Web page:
Russia moves 1.17bn rubles from culture projects to its reserves

10 Jul 20

More than 1bn rubles earmarked by the Russian government for cultural projects have been redirected to its reserves as the country battles the Covid-19 crisis.

The money was originally due to be spent on modernising cinemas as well as holding festivals and exhibitions, as part of a national project called ‘Culture’.

As part of the plans, 200 cinema halls were supposed to be renovated, but that has now dropped to 60, while festivals will now be “more local” and will only take place where lockdown measures have been completely lifted, deputy culture minister Olga Yarilova said.

She said the 1.168bn rubles (£13m) saved will be sent to the reserves, according to Russian news agency Tass.

Russia has been hit hard by the pandemic, and its public finances were already beginning to strain under the plummeting price of crude oil, which dropped by 65% between January and April this year – although this was followed by a partial recovery.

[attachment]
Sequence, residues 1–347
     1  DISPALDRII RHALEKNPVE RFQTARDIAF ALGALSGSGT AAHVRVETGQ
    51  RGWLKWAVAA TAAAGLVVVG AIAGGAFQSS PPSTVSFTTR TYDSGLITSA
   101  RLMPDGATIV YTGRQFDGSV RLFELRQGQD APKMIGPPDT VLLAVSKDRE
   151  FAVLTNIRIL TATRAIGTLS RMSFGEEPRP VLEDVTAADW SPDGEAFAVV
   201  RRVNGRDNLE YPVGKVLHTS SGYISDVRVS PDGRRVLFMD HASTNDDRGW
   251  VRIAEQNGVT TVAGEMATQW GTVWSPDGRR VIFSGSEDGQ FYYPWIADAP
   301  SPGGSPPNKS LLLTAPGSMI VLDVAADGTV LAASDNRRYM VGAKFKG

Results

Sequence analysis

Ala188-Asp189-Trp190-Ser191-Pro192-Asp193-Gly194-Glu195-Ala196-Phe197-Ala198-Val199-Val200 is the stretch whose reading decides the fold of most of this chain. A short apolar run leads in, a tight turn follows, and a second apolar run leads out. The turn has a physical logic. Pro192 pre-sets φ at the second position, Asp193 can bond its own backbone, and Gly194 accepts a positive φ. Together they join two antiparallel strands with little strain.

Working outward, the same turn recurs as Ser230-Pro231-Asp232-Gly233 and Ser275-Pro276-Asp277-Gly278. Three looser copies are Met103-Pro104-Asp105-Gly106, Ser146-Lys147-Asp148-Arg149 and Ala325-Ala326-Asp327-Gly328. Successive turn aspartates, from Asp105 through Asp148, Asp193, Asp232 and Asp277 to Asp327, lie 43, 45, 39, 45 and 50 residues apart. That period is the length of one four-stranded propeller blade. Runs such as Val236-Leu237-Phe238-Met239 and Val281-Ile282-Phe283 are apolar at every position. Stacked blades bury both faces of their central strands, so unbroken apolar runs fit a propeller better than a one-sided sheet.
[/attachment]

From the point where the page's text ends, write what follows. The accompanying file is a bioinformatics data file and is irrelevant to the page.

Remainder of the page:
The general government budget deficit is expected to be 7.2% this year, to be financed by historical oil revenues saved in its National Wealth Fund, which is separate from the reserve fund that will benefit from the redirection of the Culture budget.

According to Russia’s fiscal rule, when oil falls below a benchmark price (currently $42.40 per barrel), the government can withdraw an amount equal to its oil and gas revenues from the NWF to supplement the shortfall.

Covid-19 means this year GDP could fall by about 6%, with a “moderate” recovery possible if lockdown measures are fully lifted in the second half of the year, the World Bank projected in a report it released this week.

Unemployment rose to 6.1% in May, up from 4.5% a year earlier – an increase of about 1.1 million people.

And the risk of a more protracted pandemic and the associated containment measures that could come with it, along with further drops in commodity prices, could mean the Russian economy ends the year in a much worse shape, the World Bank warned.

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